Cancer 10 hours ago | 4.8 / 5 (11) | 2 |
(HealthDay)—For young adults needing either a chest or abdominopelvic computed tomography (CT), the short-term risk of death from underlying morbidity is greater than the long-term risk of radiation-induced ...
Cancer 11 hours ago | not rated yet | 0
In a new study described in the journal Oncogene, researchers reveal how a key player in cell growth, immunity and the inflammatory response can be transformed into a primary contributor to tumor growth.
Cancer 17 hours ago | not rated yet | 0 |
Early-life exposure to traffic-related air pollution was significantly associated with higher hyperactivity scores at age 7, according to new research from the University of Cincinnati (UC) and Cincinnati Children's Hospital ...
2 hours ago | not rated yet | 0 |
(Medical Xpress)—A research team, led by Jeremy Barr, a biology post-doctoral fellow, unveils a new immune system that protects humans and animals from infection.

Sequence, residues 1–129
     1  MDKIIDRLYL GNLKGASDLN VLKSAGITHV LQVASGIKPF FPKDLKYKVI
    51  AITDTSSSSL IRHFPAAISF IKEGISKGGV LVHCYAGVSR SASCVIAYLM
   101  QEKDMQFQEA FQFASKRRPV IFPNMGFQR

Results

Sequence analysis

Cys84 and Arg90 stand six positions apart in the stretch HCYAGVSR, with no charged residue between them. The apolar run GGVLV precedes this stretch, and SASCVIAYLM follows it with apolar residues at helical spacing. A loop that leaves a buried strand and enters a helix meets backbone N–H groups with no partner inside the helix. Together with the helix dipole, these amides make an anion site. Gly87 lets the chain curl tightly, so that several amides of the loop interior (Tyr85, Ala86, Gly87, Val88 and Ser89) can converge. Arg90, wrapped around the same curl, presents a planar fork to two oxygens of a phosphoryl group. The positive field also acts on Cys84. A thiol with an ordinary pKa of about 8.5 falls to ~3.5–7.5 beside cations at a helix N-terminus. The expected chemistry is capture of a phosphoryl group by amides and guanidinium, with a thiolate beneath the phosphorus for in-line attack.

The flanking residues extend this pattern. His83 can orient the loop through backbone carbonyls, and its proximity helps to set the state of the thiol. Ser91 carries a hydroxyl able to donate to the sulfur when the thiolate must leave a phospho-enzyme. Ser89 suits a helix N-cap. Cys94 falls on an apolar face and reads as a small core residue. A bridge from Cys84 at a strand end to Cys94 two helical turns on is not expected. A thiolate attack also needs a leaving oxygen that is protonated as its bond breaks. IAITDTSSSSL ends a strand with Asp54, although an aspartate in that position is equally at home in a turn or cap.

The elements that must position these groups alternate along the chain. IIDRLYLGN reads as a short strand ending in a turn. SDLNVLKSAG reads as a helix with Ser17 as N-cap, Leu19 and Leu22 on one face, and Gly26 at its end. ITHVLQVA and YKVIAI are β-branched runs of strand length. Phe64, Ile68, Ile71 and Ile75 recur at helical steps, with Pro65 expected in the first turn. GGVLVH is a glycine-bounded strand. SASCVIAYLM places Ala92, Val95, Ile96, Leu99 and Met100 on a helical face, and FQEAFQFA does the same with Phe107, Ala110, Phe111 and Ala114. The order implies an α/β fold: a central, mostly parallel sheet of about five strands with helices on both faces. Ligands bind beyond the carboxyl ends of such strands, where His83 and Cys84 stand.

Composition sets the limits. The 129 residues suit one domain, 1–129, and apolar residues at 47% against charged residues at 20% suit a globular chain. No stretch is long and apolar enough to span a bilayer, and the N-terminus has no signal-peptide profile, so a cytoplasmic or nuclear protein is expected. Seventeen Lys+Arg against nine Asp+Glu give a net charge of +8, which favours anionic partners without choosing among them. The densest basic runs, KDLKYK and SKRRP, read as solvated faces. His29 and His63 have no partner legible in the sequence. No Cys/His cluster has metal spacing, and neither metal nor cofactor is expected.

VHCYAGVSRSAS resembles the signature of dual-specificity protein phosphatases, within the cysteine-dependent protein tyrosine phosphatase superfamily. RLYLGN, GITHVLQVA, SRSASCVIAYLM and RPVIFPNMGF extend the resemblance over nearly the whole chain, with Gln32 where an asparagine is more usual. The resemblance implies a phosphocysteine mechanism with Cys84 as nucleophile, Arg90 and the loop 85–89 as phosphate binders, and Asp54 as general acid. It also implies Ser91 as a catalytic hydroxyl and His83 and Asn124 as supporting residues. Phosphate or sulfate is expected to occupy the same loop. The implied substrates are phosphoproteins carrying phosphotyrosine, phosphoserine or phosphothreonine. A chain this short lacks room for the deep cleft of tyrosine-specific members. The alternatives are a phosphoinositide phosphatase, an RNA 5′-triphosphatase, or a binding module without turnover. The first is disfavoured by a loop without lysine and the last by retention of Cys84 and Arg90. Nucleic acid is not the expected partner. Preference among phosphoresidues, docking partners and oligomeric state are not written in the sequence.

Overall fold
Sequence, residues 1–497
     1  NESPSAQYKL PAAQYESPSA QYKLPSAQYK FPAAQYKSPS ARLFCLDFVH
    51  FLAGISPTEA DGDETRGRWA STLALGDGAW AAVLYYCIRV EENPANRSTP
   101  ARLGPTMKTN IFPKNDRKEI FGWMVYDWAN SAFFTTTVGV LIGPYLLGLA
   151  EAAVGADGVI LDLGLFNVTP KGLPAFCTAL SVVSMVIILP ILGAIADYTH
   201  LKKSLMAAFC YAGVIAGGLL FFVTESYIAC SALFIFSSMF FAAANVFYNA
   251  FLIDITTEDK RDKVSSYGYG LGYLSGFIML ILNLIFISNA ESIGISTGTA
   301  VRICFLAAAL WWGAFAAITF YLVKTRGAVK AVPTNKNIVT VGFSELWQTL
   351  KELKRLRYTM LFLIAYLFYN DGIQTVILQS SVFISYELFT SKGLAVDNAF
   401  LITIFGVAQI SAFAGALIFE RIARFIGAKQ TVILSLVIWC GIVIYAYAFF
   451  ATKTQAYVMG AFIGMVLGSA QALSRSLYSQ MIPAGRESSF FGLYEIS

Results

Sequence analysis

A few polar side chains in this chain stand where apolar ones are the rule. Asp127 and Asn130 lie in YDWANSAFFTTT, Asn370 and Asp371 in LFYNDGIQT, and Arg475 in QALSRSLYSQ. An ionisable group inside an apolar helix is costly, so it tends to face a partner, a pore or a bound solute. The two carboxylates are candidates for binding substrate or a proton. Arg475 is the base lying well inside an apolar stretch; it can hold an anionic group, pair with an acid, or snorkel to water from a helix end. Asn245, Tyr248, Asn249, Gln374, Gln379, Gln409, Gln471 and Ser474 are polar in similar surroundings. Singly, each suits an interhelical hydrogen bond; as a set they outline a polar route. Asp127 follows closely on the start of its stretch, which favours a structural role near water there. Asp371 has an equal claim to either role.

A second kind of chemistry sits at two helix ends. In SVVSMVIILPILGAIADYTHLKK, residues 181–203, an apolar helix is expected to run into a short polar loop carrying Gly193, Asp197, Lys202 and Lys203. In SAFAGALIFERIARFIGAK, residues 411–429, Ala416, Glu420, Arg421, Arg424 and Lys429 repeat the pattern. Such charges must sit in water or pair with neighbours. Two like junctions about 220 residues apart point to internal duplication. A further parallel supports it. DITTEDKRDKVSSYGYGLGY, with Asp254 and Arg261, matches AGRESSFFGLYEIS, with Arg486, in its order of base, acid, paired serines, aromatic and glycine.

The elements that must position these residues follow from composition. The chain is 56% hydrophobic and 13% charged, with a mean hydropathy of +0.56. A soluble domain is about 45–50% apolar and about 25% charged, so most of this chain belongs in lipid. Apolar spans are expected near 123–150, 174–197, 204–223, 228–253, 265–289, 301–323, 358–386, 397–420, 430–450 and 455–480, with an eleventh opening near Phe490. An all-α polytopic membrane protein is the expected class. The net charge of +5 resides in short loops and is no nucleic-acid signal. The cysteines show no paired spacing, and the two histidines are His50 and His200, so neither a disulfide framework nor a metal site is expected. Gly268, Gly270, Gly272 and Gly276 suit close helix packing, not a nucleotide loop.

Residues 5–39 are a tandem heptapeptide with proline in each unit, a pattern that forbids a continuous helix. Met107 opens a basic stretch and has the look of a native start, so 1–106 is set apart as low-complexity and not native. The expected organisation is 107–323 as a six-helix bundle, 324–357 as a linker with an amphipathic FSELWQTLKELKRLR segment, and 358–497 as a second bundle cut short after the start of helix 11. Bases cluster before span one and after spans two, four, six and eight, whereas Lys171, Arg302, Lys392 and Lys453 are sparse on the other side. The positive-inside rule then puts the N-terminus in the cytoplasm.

7 hours ago | 4.5 / 5 (11) | 2 |
Bacteria resistant to the antibiotic colistin are also commonly resistant to antimicrobial substances made by the human body, according to a study in mBio, the online open-access journal of the American Society for Microb ...
2 hours ago | 5 / 5 (1) | 0
Researchers have pinpointed a catalytic trigger for the onset of Alzheimer's disease – when the fundamental structure of a protein molecule changes to cause a chain reaction that leads to the death of neurons ...
11 hours ago | 5 / 5 (3) | 0 |
Salamanders' immune systems are key to their remarkable ability to regrow limbs, and could also underpin their ability to regenerate spinal cords, brain tissue and even parts of their hearts, scientists have ...
11 hours ago | 4.8 / 5 (6) | 2 |
Turns out, that old "practice makes perfect" adage may be overblown. New research led by Michigan State University's Zach Hambrick finds that a copious amount of practice is not enough to explain why people ...
8 hours ago | 3.3 / 5 (10) | 0 |